The Critical Thinking A Level is one of the many courses available to A Level students. It’s offered by OCR, one of the main exam boards for secondary education. Critical thinking is the discipline of understanding arguments and argumentative logic. Critical thinkers are invaluable in society because they are well-equipped to cut the wheat from the chaff, drawing attention to flawed arguments, whilst championing strong positions.
Critical thinkers are valuable in the modern era of information. On a daily basis, we’re barraged by information: facts, opinions, news, rumours, and statistical data. You can’t trust everything you read, so being able to think critically about the information you’re exposed to will help you understand what’s really going. For this reason, taking a Critical Thinking A Level is incredibly useful.
Critical Thinking A Level is split into two parts: AS level and A2 level. In the previous post, we discussed the units and topics you’ll have to master to perform well at AS level. Here, we’ll be taking a look at the A2 modules for Critical Thinking A-Level.
A lot of the units covered at A2 level of the A2 Critical Thinking course rely on prior knowledge from the AS level. Therefore, it’s important that you study well at AS level to stop yourself from falling behind.
The units covered at A2 level Critical Thinking are:
• Ethical theories;
• Recognising and applying principles;
• Dilemmas and decision-making;
• Analysis of complex arguments;
• Evaluating complex arguments;
• Developing cogent and complex arguments.
Let’s take a look at these in more detail.
Critical Thinking A Level – Ethical Theories
In this module, students will need to be able to evaluate material that portrays moral arguments and topics. They’ll also be required to evaluate conflicting ideas within this material, especially in relation to ideas such as bias and vested interest. In other words, students will have to read source materials, identify the ethical arguments in the text, then also highlight cases of bias.
Students will also have to recognise the different solutions and responses to an ethical problem. This will apply to both simple and complex ethical situations. This will also include being able to apply hypothetical reasoning, which is covered at AS level.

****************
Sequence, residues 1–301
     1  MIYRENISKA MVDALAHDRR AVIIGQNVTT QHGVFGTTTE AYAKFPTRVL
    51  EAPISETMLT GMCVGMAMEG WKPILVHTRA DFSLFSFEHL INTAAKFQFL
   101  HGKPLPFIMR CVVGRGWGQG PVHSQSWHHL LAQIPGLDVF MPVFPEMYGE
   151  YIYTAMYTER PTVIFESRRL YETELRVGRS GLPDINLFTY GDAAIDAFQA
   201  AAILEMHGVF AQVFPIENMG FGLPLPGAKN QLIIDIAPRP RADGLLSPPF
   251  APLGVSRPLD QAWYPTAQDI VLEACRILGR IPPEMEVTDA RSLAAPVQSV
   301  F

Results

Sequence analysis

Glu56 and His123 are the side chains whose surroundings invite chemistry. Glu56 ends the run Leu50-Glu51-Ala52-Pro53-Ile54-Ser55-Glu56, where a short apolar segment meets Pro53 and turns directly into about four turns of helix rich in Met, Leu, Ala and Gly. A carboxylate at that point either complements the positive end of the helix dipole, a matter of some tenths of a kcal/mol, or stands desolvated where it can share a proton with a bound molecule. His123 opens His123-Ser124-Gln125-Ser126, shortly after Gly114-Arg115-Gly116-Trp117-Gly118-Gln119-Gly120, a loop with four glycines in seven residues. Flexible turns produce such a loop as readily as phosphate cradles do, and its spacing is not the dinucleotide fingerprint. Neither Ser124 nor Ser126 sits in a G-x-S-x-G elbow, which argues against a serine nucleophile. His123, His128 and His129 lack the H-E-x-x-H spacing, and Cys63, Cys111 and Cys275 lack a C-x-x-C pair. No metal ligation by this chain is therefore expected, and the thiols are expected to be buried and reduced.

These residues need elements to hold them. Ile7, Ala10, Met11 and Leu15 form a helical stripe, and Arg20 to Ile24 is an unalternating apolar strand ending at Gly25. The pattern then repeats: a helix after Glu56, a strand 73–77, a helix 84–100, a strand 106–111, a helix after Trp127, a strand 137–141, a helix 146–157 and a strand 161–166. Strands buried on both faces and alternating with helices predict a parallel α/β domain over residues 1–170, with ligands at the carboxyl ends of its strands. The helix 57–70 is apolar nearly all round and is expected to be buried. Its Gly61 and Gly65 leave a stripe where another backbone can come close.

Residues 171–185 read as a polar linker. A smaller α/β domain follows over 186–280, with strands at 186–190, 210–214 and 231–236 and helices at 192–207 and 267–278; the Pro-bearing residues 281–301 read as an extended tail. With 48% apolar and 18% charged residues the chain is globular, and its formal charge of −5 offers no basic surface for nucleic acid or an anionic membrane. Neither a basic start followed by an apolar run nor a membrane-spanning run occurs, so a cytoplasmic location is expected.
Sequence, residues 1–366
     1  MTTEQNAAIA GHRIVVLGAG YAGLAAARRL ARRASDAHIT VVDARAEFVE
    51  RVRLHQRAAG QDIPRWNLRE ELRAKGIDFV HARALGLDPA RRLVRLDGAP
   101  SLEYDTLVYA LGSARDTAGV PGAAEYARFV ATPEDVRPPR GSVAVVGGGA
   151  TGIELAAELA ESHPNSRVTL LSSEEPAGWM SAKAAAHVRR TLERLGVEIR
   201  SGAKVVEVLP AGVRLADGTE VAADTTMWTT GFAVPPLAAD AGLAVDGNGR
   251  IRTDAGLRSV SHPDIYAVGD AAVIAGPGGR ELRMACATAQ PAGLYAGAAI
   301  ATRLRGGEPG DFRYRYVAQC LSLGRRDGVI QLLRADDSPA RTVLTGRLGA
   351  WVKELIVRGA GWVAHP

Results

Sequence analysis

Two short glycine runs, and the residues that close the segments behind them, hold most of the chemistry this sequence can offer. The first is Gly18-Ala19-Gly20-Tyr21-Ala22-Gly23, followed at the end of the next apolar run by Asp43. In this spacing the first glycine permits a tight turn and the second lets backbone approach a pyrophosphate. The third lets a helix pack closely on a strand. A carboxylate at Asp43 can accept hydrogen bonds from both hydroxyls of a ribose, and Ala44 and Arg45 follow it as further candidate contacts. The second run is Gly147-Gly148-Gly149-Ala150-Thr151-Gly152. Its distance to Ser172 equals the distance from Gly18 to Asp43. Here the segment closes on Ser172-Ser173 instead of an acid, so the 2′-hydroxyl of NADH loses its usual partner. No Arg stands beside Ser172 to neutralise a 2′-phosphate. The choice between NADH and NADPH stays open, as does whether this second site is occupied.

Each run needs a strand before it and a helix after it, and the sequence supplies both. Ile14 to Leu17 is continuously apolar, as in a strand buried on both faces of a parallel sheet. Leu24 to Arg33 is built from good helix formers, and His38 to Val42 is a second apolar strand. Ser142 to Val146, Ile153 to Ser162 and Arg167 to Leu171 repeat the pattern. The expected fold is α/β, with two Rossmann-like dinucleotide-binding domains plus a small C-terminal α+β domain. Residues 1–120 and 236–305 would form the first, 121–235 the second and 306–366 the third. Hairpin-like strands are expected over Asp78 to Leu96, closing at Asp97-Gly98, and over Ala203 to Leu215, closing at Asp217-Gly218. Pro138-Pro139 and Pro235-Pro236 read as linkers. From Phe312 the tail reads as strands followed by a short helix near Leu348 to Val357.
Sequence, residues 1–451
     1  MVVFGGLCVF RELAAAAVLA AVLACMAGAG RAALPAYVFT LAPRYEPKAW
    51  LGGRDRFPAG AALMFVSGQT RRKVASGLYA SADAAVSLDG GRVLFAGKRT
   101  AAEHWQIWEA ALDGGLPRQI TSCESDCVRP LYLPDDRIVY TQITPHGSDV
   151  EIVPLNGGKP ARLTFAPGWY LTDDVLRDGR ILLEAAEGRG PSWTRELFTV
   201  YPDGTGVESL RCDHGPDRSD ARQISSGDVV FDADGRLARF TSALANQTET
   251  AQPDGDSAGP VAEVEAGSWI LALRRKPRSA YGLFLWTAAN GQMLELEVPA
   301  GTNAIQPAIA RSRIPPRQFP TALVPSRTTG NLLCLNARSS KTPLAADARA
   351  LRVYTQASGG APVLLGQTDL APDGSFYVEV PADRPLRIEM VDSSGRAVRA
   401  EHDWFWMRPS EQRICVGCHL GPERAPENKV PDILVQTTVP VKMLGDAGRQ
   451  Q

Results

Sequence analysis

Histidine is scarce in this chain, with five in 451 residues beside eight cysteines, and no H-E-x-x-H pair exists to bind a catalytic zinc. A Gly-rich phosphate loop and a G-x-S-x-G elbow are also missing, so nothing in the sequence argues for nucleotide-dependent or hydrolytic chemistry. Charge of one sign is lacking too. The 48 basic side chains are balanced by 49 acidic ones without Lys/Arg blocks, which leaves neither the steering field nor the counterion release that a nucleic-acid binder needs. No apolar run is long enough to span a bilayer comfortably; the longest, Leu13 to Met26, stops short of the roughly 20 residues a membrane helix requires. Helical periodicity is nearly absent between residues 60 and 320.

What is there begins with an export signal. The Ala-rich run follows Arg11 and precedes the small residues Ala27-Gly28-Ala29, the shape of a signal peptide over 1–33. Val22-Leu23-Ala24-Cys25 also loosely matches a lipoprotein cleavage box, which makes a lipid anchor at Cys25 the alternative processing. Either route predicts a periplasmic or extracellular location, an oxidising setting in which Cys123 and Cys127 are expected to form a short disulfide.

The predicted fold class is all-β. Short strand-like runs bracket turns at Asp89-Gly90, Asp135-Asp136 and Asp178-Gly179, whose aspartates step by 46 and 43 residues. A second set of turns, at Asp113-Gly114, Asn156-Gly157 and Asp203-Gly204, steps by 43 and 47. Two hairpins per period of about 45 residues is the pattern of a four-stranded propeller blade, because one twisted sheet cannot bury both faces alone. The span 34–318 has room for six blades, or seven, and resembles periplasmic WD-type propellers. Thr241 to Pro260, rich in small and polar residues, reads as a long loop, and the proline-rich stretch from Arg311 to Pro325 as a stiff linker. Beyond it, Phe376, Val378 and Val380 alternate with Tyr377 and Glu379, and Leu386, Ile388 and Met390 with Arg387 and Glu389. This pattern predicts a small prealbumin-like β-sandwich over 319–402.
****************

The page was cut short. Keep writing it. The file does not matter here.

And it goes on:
Critical Thinking A Level – Recognising and Applying Principles, Dilemmas and Decision-Making
These two areas are closely linked, as students will be required to identify a dilemma. In this case, a dilemma is a situation where there are two mutually exclusive options. In some situations, both may be undesirable. Students will need to weigh up the benefits and potential consequences of all responses to a dilemma, and apply principles of the following kinds:
In addition, students will need to understand the basic principles about deontological and teleological ethical theories, such as Kant’s ethics (deontological) and utilitarianism (teleological). These will need to be applied to dilemmas.
In addition to this, students will need to be able to understand and apply relevant ethical terms, such as:
• Suppositional reasoning;
• Relationships between intermediate conclusions and evidence;
• Non-argumentative devices such as rhetorical questions, repetition, scene setting, or ‘grand standing’.
Critical Thinking A Level – Evaluation of Complex Arguments
Once students can analyse complex arguments and identify their components, they’ll need to be able to evaluate them. Students will need to weigh up the strengths and weaknesses of complex arguments, and come to a conclusion based on how well they support a conclusion. Students will need to be able to do the following:
• Explain flaws in reasoning;
• Explain rhetorical reasoning;
• Explain weaknesses in the way the evidence is portrayed;
• Identify explanations and potentially offer alternatives to them;
• Identify assumptions made in an argument, and assess them to see if they hold water;
• Identify and suggest alternative conclusions which result from the same reasoning as presented in the argument;
• Assessing the strength or weakness of an argument.
Critical Thinking A Level – Development of Cogent and Complex Arguments
With the knowledge gained from earlier units at AS and A2 level, students will then need to be able to construct and develop arguments which are internally consistent, but also complex in nature. Students will need to do the following when making their arguments:
• Read the subject material closely;
• Select appropriate methods of reasoning (such as hypothetical reasoning);
• Respond to counter-arguments.
Critical Thinking A Level – Conclusion
The Critical Thinking A Level can be tricky, since it requires vast knowledge about a number of different concepts and terms – many of which students might be completely unfamiliar with. However, it can be handled just like any other A-Level subject; read the subject material carefully, then take the time to practice with revision techniques which work best for you. Finally, make sure to attempt practice papers to see what you know and where you need to improve. If you would like more A-Level tips which apply to any A-Level course, including Critical Thinking A-Level, you can find our book here: Pass Your A-Levels With A*s.